During the weekend of 24-25 September you are welcome to visit the interactive exhibition "The anatomy lesson: dissecting medical futures" in the historical Theatre Anatomicum at the Waag Society in Amsterdam. In this exhibition the anatomy lesson of the future will be explored with the sculptures by artist and CogNovo researcher Agi Haines. A special artist talk will take place on Saturday evening to discuss medical futures. Including speakers Laurens De Rooy, Patricia Pisters, Thought Collider, Marleen Stikker and from Plymouth University the head of Transtechnology research and editor in chief of Leonardo reviews Michael Punt.
At the summit of the historic Waag building is a room with momentous historical significance for innovative and novel research into human anatomy – the Theatre Anatomicum. As a place designed for cutting up cadavers, the theatre grew into an iconic site where some of the most notorious and emblematic representations of biomedical sciences were conceived, such as Rembrandt's "The Anatomy Lesson of Dr. Nicolaes Tulp." Dissection became paramount in our representation and understanding of the human body, but how might it play a role the future of medical representation?
To find out, we welcome you to join us for a quasi-simulation of future medicine. During the event, audience members will participate in a futuristic anatomy lesson as they interact with sculptures by artist Agi Haines. Haines' work focuses on the implications of technology and their impact on the human form. Through the production of realistic sculptures, her works elaborate on the needs and desires behind human enhancement, modification, and alteration by looking at how the scientific research endorsing these possibilities are disseminated.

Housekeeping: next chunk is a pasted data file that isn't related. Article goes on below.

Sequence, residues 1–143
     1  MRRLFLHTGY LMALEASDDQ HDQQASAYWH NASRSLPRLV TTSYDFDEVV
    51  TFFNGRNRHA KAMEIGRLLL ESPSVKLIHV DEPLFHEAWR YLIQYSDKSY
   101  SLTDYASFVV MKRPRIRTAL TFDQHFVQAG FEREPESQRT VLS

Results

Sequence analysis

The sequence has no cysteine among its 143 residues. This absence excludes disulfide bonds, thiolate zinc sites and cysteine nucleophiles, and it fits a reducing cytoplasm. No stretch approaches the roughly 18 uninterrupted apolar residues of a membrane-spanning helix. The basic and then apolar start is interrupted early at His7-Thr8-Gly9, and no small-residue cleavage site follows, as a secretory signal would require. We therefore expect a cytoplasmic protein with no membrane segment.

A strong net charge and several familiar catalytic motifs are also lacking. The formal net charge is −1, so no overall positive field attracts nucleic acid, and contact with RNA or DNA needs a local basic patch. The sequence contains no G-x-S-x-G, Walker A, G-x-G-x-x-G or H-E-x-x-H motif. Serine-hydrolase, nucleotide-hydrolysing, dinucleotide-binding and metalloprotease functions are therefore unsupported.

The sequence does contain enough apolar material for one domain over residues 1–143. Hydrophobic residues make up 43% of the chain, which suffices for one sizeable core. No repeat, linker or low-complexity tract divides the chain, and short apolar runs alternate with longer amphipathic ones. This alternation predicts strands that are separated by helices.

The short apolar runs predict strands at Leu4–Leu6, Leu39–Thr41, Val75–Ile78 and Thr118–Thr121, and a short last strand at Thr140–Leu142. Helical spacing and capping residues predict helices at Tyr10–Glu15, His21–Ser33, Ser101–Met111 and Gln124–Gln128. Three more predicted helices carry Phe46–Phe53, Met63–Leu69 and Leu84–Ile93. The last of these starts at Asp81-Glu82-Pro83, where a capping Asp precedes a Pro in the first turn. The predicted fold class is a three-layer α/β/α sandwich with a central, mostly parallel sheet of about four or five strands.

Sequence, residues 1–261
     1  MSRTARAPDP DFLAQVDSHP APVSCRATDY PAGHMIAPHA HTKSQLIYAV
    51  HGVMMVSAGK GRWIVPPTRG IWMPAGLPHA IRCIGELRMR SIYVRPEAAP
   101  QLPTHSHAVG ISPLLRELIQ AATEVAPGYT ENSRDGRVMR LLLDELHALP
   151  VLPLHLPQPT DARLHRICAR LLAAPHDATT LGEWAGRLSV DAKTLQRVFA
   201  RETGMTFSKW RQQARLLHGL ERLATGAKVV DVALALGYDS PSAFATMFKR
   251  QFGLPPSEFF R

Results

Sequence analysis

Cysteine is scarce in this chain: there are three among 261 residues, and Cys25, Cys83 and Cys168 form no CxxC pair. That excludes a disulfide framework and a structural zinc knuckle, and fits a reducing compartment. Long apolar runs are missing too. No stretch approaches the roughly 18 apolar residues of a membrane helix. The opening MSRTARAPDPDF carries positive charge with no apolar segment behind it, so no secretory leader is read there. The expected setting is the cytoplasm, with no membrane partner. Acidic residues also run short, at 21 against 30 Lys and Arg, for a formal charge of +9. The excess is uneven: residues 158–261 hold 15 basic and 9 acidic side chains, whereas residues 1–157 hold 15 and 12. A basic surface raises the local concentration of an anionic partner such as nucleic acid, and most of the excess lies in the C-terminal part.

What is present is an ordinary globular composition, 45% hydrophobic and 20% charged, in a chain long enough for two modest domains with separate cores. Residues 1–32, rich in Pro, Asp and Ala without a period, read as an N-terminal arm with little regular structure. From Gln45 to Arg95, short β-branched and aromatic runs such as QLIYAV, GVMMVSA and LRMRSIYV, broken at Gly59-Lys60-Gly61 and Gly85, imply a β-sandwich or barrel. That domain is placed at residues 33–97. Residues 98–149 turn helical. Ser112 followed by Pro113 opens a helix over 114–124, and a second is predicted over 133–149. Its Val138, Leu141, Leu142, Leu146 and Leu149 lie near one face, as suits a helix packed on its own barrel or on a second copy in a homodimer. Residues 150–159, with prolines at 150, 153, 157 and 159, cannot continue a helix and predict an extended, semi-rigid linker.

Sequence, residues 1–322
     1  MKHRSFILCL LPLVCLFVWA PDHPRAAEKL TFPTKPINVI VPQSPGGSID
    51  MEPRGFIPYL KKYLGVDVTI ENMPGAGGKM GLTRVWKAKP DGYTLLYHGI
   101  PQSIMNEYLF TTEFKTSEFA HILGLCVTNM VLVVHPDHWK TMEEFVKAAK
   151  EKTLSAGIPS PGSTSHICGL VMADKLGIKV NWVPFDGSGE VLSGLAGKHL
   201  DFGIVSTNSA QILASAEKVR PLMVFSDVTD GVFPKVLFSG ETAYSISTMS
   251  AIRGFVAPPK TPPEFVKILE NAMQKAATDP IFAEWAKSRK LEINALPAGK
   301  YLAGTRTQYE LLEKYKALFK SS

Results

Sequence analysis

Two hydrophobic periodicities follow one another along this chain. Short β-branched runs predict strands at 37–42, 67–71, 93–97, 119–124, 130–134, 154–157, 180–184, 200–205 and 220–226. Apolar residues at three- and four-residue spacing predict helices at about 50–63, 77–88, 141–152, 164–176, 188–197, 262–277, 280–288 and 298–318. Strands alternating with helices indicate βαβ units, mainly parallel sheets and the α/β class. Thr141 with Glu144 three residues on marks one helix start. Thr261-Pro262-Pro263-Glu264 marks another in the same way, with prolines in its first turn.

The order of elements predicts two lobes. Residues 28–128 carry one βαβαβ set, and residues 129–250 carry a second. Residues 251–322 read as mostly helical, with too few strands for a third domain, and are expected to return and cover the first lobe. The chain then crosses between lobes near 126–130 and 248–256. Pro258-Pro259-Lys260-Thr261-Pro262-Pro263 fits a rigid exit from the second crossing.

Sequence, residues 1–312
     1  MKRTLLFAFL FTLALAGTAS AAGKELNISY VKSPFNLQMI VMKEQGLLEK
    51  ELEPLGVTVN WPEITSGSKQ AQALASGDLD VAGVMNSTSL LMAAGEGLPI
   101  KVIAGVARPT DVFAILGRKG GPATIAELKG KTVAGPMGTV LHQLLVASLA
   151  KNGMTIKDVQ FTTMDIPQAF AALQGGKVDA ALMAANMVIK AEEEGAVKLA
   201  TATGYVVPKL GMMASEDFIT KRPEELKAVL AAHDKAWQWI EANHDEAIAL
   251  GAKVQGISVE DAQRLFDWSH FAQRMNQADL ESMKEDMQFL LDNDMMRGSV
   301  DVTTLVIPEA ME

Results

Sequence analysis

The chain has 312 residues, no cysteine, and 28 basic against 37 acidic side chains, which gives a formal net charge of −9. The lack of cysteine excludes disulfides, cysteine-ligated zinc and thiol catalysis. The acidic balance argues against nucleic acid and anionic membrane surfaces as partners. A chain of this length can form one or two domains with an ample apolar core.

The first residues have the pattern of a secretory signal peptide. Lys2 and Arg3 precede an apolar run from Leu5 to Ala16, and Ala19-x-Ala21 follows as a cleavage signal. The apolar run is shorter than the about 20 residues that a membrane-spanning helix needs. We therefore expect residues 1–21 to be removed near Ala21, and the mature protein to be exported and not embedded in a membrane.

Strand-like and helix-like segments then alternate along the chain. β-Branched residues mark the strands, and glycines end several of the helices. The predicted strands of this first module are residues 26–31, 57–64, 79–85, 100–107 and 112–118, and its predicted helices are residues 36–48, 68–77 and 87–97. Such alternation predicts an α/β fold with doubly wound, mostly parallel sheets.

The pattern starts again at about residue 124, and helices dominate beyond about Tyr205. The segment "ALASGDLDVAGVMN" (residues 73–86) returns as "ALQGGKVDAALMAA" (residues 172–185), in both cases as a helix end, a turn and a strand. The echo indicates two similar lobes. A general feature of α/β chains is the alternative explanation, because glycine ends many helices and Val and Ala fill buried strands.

This interactive exhibition will be a visceral voyage into the moist and slimy (yet surprisingly speculative) side of simulation. Each sculpture in the exhibit highlights a different area of biotechnology (from transparent skin to nano-bot accumulation) that may change how we interact with the human body. The audience will dissect and probe the sculptures to determine the positive and negative effects of technological innovation.
On Saturday evening, in a special panel discussion, we will debate the worth of speculating medical futures. Could the tactility of dissection aid discussion and criticism regarding these medical futures? And can the simulation of future disorders perhaps even pre-empt issues within healthcare?